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Musk Calls Apple’s App Store Fees A ‘Tax’


Elon Musk has thrown his hat in the ring in the ongoing legal battle between tech giant Apple and Epic Games, which makes the ultra-popular Fortnite game, The Wall Street Journal (WSJ) writes.

Musk came out on the side of Epic.

“Apple app store fees are a de facto global tax on the Internet,” the Tesla chief executive tweeted Friday (July 30). “Epic is right.”

The lawsuit stems from Epic’s decision to circumvent Apple’s in-app payment system to put out its own way for users to pay.

As Apple deemed this to be a violation of its policies, it banned Epic from its App Store and has since been engaged in the lawsuit filed by Epic over the matter.

Epic has accused Apple of possessing a “monopolistic” hold over its field, as the App Store is the primary way for many users to buy new apps. Epic CEO Tim Sweeney, in a federal trial ending in May, has said Apple unfairly profits from the work of those who make video games.

In response, Apple has defended its actions, saying that the lawsuit was a “basic disagreement over money” from Epic’s side. The company said its taking of 30 percent of profits is necessary for putting that toward making sure the App Store provides a generally safe way for users to download apps.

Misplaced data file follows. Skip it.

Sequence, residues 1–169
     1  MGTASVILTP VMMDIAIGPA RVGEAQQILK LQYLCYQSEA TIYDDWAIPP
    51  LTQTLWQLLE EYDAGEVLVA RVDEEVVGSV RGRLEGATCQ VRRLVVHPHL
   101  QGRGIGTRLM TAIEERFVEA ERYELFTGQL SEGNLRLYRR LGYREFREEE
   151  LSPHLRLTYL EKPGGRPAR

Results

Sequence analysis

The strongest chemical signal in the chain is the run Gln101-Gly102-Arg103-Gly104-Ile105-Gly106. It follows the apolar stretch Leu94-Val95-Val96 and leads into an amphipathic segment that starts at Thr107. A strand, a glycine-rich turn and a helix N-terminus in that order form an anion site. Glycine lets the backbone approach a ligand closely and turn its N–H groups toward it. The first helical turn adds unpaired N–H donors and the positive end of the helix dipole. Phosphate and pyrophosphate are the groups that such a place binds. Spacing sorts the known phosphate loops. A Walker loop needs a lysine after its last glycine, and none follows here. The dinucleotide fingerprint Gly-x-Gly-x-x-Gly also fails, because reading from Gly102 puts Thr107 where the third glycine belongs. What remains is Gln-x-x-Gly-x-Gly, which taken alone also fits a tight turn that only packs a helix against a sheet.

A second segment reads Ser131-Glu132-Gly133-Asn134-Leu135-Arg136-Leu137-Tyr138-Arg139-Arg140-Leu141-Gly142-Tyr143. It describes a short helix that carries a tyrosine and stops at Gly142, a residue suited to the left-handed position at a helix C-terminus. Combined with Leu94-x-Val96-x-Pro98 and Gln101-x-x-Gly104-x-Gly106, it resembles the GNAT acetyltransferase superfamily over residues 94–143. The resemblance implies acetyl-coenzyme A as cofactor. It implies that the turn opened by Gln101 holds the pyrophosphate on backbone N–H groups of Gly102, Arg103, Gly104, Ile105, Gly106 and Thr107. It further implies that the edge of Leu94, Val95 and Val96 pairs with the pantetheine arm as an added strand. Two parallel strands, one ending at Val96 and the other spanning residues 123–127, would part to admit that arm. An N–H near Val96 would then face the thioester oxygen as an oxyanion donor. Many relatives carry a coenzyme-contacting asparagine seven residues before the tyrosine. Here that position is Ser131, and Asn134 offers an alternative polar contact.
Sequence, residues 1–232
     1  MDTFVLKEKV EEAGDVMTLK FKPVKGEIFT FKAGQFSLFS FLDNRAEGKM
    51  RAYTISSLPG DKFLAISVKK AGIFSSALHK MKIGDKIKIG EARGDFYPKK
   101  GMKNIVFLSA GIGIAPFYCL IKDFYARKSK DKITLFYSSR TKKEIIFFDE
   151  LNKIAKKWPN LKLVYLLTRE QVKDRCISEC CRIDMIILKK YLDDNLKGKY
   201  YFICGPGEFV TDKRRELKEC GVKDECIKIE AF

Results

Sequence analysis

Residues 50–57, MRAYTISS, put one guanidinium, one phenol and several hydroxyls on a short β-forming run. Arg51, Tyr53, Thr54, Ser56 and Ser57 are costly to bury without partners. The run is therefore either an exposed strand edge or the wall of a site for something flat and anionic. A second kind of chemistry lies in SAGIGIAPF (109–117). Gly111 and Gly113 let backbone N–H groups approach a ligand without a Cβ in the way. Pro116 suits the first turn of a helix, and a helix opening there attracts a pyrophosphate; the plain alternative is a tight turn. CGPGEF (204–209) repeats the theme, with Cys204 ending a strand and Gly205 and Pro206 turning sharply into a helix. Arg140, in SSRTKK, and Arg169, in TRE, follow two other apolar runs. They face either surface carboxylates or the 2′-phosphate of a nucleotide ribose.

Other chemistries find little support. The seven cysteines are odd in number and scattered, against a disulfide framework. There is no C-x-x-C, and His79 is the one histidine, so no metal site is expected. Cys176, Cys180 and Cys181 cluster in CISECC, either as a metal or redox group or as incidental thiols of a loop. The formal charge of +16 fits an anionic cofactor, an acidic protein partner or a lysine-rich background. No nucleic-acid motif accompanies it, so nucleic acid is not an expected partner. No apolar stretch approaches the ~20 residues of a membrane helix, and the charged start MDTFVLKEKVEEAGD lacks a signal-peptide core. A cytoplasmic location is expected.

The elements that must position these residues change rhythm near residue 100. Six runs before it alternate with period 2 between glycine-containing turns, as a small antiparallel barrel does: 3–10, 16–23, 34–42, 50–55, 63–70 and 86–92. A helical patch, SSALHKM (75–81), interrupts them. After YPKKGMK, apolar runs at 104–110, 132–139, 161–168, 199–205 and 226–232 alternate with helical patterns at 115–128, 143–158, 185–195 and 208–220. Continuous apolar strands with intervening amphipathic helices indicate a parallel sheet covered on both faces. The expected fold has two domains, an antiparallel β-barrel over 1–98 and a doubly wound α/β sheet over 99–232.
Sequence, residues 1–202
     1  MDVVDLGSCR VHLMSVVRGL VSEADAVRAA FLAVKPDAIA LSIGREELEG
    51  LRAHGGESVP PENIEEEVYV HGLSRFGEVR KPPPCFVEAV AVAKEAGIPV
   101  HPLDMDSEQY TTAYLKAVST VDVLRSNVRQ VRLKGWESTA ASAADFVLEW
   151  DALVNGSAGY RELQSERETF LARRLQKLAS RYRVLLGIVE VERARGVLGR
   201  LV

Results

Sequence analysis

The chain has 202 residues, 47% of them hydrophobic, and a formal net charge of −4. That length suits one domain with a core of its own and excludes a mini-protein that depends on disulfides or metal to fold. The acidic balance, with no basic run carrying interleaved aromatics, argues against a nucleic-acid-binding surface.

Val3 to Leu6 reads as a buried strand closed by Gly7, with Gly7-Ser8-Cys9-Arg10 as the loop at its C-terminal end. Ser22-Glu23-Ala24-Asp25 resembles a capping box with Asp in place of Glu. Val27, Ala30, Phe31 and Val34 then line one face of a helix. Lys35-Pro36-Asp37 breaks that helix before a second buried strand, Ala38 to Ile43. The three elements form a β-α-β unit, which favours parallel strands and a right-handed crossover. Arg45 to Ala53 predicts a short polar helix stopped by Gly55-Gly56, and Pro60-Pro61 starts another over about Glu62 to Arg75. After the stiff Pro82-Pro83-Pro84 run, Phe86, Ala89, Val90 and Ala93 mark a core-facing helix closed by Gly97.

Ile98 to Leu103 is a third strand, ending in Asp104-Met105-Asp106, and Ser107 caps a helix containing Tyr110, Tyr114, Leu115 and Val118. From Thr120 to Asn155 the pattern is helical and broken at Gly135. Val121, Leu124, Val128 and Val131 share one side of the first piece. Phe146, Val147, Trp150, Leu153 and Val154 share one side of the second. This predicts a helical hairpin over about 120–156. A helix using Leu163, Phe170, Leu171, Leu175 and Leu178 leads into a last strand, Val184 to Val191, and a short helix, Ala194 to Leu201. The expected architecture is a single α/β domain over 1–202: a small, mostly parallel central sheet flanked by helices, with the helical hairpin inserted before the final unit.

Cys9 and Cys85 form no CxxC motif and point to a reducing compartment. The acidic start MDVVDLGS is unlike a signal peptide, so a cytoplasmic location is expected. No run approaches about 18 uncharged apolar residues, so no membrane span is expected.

Musk has often stirred the pot on social media, including criticizing rivals like Amazon. WSJ reports that he has recently seemed to praise the U.S. Government Accountability Office for rejecting appeals to Amazon CEO Jeff Bezos’ Blue Origin space travel company over a contract to develop a lunar lender.

He’s also called for Amazon to be broken up before.

In July, Australia gave a green light for the Epic lawsuit against Apple to move forward. That overturned a previous ruling saying that the case should be put on hold. Apple had blocked the suit, saying it was a matter better suited to be handled just in the U.S.

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NEW PYMNTS DATA: SMART RECEIVABLES PLAYBOOK: EDUCATION EDITION

About: Three-quarters of respondents in PYMNTS’ Smart Receivables Playbook, a collaboration with Flywire, consider their own accounts receivable operations “somewhat” or “slightly” effective. The new findings from over 150 colleges and universities suggest academia needs to do more to keep pace with expanding digital payment capabilities.



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